Before analyzing the Dupont Circle Club its environment, Dupont Circle, must first be studied.  The District of Colombia is divided into eight wards. Dupont Circle resides in the second ward, which is home to some of the oldest and prestigious residential neighborhoods of the district (“About Ward 2 | Op”).  Within the ward, Dupont Circle is bounded by Connecticut Avenue NW from Florida Avenue south to K Street and P Street from Dupont Circle west to 22nd St. These boundaries encompass embassies, nonprofit organizations, think tanks, businesses, and restaurants that create an urban, historic, and diverse environment. Dupont Circle is divided into two major sub-regions, north and south, that each attract and cater to a different kind of individual. One the one hand, the fact that the two very different sub-regions attract a variety of individuals is what makes Dupont Circle’s cosmopolitan reputation.  On the other hand, an increase in rent has pushed out some of the unique independent businesses replacing them with retail chains that endanger Dupont Circles heterogeneous reputation (Retail Action Roadmap,38).

To understand why Dupont Circle has a such a unique reputation OP created a brochure that gives insight into the circles history (Dupont Circle Historic District). Dupont Circle’s enrichment began in the 1960’s when artists and young counter-culture individuals infiltrated the home of some of the wealthiest citizens of the United States. These individuals catalyzed the opening of independently owned business, specialty shops, art galleries, non-traditional bookstores, and restaurants that created a cultured environment. Another enrichment event is the arrival of the Metro because it gave less-affluent citizens of DC access to the model urbane neighborhood. This influx of citizens from the larger city gave way to the construction of affordable row houses which diversified development. Now instead of a homogenous population individuals of varied economic statuses lived side by side creating the start of a heterogeneous community.

After the second world war Dupont Circle faced developers wanting to rezone the residential community for high density use. The commercialization of Dupont Circle would have destroyed the heterogeneous environment that had developed. For this reason, the Dupont Circle Citizens Association, created by prominent citizens to protect the interests of Dupont Circle’s residents, advocated to list Dupont Circle in the National Register of Historic Places. Dupont Circle was established as a historic district in 1976 and its boundaries were amended in 2005.
In their website, OP includes a document and maps that list and illustrate the historic boundaries of Dupont Circle and the structures that contribute to it. In these maps (figures 3 and 4), it can be seen that the location of the Dupont Circle Club is a contributing structure to the historic district. According to the National Register of Historic Places, historic boundaries are determined by the following criteria: “The boundaries…include properties that contribute to a broad understanding of the architectural and historical evolution of Dupont Circle”(National Park Service). This means that if the Dupont Circle Club is listed as a contributing structure to the historic district then it must contribute to either the architectural or historical evolution of Dupont Circle.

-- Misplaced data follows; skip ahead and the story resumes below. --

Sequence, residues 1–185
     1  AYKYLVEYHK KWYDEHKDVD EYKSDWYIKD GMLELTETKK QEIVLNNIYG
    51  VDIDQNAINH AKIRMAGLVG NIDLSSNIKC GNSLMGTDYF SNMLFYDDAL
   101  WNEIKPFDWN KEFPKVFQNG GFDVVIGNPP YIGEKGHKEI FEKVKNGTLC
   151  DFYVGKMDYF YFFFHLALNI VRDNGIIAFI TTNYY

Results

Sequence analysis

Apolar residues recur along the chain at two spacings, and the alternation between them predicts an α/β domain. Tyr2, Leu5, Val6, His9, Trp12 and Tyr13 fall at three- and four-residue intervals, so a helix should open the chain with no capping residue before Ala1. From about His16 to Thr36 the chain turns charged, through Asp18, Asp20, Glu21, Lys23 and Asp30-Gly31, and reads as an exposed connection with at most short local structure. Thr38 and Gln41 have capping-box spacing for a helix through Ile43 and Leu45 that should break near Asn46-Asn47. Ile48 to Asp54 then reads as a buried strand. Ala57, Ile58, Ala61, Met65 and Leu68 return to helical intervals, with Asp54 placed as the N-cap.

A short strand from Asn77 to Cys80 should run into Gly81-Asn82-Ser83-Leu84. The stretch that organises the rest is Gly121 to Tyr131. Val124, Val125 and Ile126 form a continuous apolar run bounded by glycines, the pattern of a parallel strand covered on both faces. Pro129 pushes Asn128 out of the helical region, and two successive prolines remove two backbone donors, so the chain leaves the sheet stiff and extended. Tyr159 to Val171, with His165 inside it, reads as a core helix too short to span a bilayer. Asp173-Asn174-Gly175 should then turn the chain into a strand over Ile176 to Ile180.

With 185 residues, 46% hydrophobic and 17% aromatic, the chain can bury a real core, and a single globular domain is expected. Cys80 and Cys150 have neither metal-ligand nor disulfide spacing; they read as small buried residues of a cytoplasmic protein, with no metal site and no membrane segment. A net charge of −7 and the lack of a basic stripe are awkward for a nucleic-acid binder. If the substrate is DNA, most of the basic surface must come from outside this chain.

Now that a better understanding of Dupont Circle has been reached, the Dupont Circle club can be analyzed as an independent business within Dupont Circle. What is the DCC? The Dupont Circle Club (DCC) is as a local meeting place in DC for 12-step recovery located on 1623 Connecticut Avenue. The club has resided in the building 1623 for 28 years (since November of 1989); however, the building is one of the oldest of the node as can be seen in figure3 (District of Columbia Office of Planning, Dupont Circle Historic District Dates of Construction). One the one hand, the building 1623 is architectural evidence of evolution. On the other hand, the club itself is evidence of historical evolution in Dupont Circle because it is a product of the crack epidemic that occurred in the District of Colombia in the 1980’s. Consequently, the DCC fits both criteria for being a historically contributing structure. Apart from qualifying as a historic structure the club is a big source of diversity and this can be seen in their website when it writes, “These meetings bring hundreds of people a week into the rooms of DCC. Our central location, a block north of Dupont Circle provides for a rich diversity of ethnicity, class, gender, and geographic origin, with many out-of-town visitors”(Dupont Circle Club). This means that the DCC is a contributor to the cultured and historical community that has developed in Dupont Circle, especially the north region.

The Office of Planning created a SWOT analysis of Dupont Circle’s Connecticut Avenue that lists the strengths and weakness of the area. The OP in page eleven of the report concludes the following “North of the Circle, rental price point has forced out local, specialty retailers in favor of national credit tenants, threatening this area of the Dupont sub market’s eclectic charm” (DC Retail Action Strategy,11). This means that rising rent is endangering the continuance of local independent business, like the DCC, that brand Dupont Circle. Rising rents affect some business more than others especially non profit organizations like the DCC. As a non-profit organization, the Dupont Circle Club’s success is based on outside donations. Offering a variety of payment methods and membership categories, that range from a fifty-dollar annual charge to a twenty-four-hundred-dollar annual charge, they make it very accessible for outsiders to donate. However, what happens when the donations they receive aren’t enough to sustain their expenses? Will the Dupont Circle Club be forced to relocate or will the fact that it’s a historical structure save it?